All Senses Go: a Chicago-based, multi-service company that helps media producers (and others) create accessible media and events. They offer consulting services including workshops, captioning, describing video, event accessibility, and media production/programming.

Bodies of Work: a program of the University of Illinois at Chicago (UIC), Bodies of Work is a network of artists and organizations whose art illuminates the disability experience.

Captioning Key: detailed guidelines and best practices for captioning videos.

Chicago Cultural Accessibility Consortium (CCAC): a volunteer-run group of cultural administrators and representatives from the disability community in Chicago, whose mission is to develop momentum for accessible, inclusive design of programs, physical spaces, and services for visitors with disabilities across Chicago's vast cultural spaces, ranging from museums and theaters to zoos and gardens.

  • Access Calendar: list of all accessible programming offerings, including theater performances, touch-tour exhibits, autism-friendly events/performances, and more.
  • CCAC Resources: comprehensive resources page that offers a variety of access-related, downloadable documents and links.

Chicago Mayor’s Office for People with Disabilities: resources, services, and alerts for residents and visitors with disabilities.

Disability Cultural Center (University of Illinois at Chicago): offers public programs, discussion series, arts-based workshops, and one-on-one support. They provide an Accessibility Resources & Guides page on their website. 

Disability Resource Center (University of Minnesota): tips on creating accessible and inclusive meetings or events. 

Disability Rights Education & Defense Fund (DREDF): a leading national civil rights law and policy center directed by individuals with disabilities and parents who have children with disabilities.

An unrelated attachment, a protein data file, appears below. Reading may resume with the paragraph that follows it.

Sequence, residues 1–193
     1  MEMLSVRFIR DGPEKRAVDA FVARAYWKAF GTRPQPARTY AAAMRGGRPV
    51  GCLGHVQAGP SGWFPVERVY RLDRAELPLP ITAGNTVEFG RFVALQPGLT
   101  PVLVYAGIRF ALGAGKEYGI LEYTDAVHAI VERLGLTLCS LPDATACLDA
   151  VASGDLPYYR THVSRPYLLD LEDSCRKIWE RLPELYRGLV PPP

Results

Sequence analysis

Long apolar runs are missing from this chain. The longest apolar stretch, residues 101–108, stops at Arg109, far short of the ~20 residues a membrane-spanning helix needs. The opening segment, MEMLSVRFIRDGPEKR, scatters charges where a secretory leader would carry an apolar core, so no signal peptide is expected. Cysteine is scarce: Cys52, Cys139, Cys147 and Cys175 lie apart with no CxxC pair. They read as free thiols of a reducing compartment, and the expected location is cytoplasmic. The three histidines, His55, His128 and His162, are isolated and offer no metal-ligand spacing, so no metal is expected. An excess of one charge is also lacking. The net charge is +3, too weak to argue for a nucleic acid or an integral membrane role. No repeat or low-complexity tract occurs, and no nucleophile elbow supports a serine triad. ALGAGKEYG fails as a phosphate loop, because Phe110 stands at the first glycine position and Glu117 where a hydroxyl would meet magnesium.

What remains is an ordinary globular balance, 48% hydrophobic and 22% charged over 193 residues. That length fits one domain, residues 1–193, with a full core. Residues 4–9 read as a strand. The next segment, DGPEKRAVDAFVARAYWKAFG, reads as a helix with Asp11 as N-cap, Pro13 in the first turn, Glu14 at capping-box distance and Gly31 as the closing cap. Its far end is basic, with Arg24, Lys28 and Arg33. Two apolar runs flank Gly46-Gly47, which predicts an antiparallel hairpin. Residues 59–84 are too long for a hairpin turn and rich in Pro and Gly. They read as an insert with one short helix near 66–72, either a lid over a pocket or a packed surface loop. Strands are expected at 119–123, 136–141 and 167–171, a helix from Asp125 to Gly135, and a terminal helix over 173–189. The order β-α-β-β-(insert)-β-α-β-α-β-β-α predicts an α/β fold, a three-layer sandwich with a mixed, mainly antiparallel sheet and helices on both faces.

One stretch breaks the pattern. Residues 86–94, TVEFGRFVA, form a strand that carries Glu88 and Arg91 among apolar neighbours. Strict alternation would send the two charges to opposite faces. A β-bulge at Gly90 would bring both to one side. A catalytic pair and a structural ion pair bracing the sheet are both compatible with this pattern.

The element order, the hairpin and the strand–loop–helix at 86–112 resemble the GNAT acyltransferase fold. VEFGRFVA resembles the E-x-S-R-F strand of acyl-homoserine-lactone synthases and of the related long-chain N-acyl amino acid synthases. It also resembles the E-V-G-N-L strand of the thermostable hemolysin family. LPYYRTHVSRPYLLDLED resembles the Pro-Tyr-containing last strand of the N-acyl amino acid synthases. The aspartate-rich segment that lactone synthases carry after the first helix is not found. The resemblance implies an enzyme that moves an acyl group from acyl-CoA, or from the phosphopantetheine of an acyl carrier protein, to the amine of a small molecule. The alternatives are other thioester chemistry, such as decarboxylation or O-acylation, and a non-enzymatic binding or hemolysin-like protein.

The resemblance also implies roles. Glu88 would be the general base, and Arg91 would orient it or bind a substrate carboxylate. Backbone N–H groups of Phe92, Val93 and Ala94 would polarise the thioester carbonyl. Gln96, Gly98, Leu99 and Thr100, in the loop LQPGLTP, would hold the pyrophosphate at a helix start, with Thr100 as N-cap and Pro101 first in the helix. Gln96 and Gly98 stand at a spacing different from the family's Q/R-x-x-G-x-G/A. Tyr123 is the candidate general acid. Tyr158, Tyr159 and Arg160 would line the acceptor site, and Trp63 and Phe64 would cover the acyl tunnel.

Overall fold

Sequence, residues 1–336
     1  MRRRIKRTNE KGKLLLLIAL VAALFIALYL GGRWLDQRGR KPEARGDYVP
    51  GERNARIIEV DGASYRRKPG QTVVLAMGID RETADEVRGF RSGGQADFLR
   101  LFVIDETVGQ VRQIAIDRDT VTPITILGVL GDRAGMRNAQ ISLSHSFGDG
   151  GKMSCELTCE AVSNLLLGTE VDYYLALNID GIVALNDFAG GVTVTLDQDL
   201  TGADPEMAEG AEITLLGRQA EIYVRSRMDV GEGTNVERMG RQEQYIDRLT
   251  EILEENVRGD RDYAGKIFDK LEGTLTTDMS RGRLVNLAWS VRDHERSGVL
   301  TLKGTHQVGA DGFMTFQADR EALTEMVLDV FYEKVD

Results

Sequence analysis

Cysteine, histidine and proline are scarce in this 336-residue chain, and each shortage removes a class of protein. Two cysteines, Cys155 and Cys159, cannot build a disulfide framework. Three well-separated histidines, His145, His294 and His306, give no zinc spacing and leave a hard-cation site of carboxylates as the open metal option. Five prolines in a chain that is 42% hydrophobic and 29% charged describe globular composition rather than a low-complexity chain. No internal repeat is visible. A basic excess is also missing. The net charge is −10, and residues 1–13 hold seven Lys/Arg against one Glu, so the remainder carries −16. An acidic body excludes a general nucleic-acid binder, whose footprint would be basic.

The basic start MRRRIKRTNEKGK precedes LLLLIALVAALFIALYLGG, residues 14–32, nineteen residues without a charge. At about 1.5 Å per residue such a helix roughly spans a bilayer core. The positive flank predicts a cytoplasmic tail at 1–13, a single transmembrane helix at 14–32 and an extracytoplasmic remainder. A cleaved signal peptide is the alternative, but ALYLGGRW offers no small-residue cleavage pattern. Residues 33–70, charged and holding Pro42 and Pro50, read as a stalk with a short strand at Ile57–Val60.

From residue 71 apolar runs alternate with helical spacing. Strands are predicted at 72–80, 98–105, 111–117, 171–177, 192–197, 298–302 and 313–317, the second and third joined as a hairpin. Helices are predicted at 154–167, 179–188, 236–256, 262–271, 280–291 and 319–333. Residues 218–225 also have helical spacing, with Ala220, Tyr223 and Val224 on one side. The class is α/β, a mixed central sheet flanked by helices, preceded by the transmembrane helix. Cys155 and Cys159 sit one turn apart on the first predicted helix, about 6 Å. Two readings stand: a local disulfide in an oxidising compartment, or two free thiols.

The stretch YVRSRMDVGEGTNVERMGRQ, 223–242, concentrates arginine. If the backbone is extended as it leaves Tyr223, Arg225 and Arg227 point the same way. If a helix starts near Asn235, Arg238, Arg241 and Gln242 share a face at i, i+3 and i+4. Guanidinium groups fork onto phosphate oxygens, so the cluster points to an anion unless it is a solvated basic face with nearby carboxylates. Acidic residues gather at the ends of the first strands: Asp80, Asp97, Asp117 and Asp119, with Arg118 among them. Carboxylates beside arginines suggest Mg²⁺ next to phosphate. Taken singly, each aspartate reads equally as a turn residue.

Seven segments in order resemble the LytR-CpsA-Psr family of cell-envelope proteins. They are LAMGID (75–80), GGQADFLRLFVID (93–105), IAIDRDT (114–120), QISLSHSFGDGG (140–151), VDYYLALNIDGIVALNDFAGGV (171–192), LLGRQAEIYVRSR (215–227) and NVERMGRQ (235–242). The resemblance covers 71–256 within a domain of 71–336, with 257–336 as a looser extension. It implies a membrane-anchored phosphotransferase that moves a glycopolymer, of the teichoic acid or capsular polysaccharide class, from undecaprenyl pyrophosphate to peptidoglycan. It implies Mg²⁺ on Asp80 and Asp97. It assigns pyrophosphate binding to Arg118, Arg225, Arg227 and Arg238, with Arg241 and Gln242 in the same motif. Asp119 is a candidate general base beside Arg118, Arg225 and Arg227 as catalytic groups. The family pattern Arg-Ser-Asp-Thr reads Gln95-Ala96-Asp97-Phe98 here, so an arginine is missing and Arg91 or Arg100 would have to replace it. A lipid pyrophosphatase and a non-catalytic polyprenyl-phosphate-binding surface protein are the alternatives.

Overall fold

Disability Thinking: weekly blogpost about disability life, ideas, identity, culture, commentary, and politics.

Disability Visibility Project: online community dedicated to recording, amplifying, and sharing disability stories and culture.

Easy Access Chicago: online brochure highlighting accessible information for venues in Chicago.

Effective Interaction: recommendations from the U.S. Department of Labor on communicating with and about people with disabilities.

Equip for Equality: nonprofit organization that administers the federally mandated Protection & Advocacy System for the state of Illinois, serving as a legal advocate for people with disabilities and as an independent watchdog.  

Great Lakes ADA Center: provides customized training, expert assistance, and dissemination of information with the goal of helping to achieve voluntary compliance with the Americans with Disabilities Act (ADA).

How to Make Exhibitions and Art Events Accessible: selection of guidelines and resources compiled by Art in America (June 2020).

National Disability Rights Network (NDRN): national network of nonprofits for the federally mandated Protection and Advocacy (P&A) Systems and the Client Assistance Programs (CAP) for individuals with disabilities. Provides a state listing (for Illinois, see Equip for Equality). 

National Endowment for the Arts: publications, checklists, and resources, including a 2020 guide on how to help ensure accessibility of virtual events for people with disabilities.

National Open Captioning Initiative (by Theatre Development Fund, TDF): sponsorship opportunity for regional theatres to offer open-captioned performances.

The Kennedy Center: their Accessibility Office focuses its efforts on accessibility services for patrons and visitors with disabilities; professional development for cultural administrators; and career opportunities in the arts for people with disabilities.

Victory Gardens Theater Access Project: nationally recognized model outreach effort designed to involve people with disabilities in all aspects of theater, both on and off the stage. Originally started at Remains Theatre in 1992, it transferred to Victory Gardens in 1995. Programs include artist development workshops; play development opportunities; and the “Crip Slam” series of performances, readings, movies and other events that promote, explore, and celebrate disability culture.

WebAIM (Web Accessibility in Mind): credited as the most understandable source for online accessibility, WebAIM empowers organizations to make their web content accessible to people with disabilities. They provide accessibility training, accessible site certification, technical assistance, and other resources.

  • WAVE: an evaluation tool that will check any website for accessibility issue, identify them, and provide instructions on how to correct them.